Project Management

Stop Playing 'Bring Me a Rock' Schedule Games!

Mass Bay Chapter

Johanna Rothman, known as the "Pragmatic Manager," offers frank advice for your tough problems. She helps leaders and teams learn to see simple and reasonable things that might work. Equipped with that knowledge, they can decide how to adapt their product development. Her recent books are the "Modern Management Made Easy" series and "Create Your Successful Agile Project."

Back in No More Watermelon Status Reports: How to Use Stories to Explain Project State, a reader asked how to help management understand why an estimated duration was “so long.”

The answer is that the manager is playing the “Bring Me a Rock” schedule game. That’s when the manager wants the project manager or the people doing the work to reduce their estimate durations.

The Bring Me a Rock schedule games tend to occur under these conditions:

  • When people estimate alone and you, the project manager, rolls up the estimate.
  • Even when teams estimate, if the people know they will work alone, they tend to add buffer time to their estimates.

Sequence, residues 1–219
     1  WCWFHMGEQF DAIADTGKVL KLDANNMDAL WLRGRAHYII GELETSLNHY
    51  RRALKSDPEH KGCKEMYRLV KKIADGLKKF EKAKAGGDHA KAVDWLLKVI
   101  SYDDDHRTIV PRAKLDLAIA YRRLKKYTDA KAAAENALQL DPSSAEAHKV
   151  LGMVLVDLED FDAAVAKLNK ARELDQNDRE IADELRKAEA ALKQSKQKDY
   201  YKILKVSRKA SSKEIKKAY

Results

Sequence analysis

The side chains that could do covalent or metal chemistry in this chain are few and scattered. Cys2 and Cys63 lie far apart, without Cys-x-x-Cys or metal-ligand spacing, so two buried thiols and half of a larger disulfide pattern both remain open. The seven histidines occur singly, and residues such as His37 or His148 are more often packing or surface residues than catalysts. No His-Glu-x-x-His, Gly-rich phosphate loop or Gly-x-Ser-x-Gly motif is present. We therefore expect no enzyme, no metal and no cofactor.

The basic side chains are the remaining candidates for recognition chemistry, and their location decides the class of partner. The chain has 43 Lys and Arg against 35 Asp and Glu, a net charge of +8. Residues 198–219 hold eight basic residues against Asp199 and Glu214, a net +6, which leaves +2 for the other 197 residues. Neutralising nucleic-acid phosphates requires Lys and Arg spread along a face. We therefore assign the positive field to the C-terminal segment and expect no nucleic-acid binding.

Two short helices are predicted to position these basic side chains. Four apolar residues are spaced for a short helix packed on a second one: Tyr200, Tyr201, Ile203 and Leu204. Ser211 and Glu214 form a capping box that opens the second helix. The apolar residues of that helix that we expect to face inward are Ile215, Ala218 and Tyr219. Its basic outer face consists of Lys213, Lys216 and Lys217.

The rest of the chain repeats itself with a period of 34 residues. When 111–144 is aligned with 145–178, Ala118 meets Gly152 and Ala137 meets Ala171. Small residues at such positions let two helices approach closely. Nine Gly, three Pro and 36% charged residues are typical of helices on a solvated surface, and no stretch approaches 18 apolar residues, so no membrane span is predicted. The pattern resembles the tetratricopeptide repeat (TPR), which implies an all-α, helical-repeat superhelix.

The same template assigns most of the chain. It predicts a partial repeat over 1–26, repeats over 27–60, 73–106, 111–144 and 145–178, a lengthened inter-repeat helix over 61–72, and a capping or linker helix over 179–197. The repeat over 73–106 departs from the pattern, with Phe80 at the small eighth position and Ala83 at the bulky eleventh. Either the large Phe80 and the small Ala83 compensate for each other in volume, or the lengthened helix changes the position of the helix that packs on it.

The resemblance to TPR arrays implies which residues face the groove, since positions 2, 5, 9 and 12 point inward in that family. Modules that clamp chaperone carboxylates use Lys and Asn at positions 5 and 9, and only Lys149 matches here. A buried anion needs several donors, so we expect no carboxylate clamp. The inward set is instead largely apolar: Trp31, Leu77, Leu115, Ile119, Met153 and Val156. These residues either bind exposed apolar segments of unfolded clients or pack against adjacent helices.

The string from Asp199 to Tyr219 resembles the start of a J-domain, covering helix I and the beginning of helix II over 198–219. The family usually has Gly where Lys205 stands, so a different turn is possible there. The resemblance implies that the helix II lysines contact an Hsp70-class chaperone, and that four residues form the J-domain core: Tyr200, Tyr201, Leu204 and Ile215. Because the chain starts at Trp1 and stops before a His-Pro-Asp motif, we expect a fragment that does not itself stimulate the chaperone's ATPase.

• When your manager wants to see a Gantt Chart and pick out certain tasks or people for more detailed understanding.

Bring Me a Rock occurs when a more senior person tries to pressure a less senior person into changing the original estimate.

If people estimate or work alone, the project manager is much more susceptible to pressure from senior leaders.

Solo Work and “Bring Me a Rock”
Imagine a scenario I see all too often: Someone breaks down the large requirements into smaller chunks. With any luck, those chunks provide customer or user value. That is, when the team completes a chunk, the user could use that piece of value.

Here’s a software example. Imagine you want to …

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